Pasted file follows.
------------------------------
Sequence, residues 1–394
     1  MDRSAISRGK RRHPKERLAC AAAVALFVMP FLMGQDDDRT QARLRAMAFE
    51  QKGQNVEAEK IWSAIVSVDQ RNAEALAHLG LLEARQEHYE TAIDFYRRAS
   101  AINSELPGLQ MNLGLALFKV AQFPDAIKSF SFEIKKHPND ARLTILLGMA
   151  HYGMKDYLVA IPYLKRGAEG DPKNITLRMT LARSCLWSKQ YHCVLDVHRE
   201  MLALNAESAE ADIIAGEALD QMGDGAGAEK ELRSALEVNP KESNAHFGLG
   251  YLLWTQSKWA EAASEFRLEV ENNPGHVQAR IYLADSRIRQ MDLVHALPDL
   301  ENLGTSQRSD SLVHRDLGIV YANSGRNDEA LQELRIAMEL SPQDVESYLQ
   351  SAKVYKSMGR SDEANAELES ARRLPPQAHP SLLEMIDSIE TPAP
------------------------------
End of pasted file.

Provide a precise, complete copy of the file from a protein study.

Sequence, residues 1–394
     1  MDRSAISRGK RRHPKERLAC AAAVALFVMP FLMGQDDDRT QARLRAMAFE
    51  QKGQNVEAEK IWSAIVSVDQ RNAEALAHLG LLEARQEHYE TAIDFYRRAS
   101  AINSELPGLQ MNLGLALFKV AQFPDAIKSF SFEIKKHPND ARLTILLGMA
   151  HYGMKDYLVA IPYLKRGAEG DPKNITLRMT LARSCLWSKQ YHCVLDVHRE
   201  MLALNAESAE ADIIAGEALD QMGDGAGAEK ELRSALEVNP KESNAHFGLG
   251  YLLWTQSKWA EAASEFRLEV ENNPGHVQAR IYLADSRIRQ MDLVHALPDL
   301  ENLGTSQRSD SLVHRDLGIV YANSGRNDEA LQELRIAMEL SPQDVESYLQ
   351  SAKVYKSMGR SDEANAELES ARRLPPQAHP SLLEMIDSIE TPAP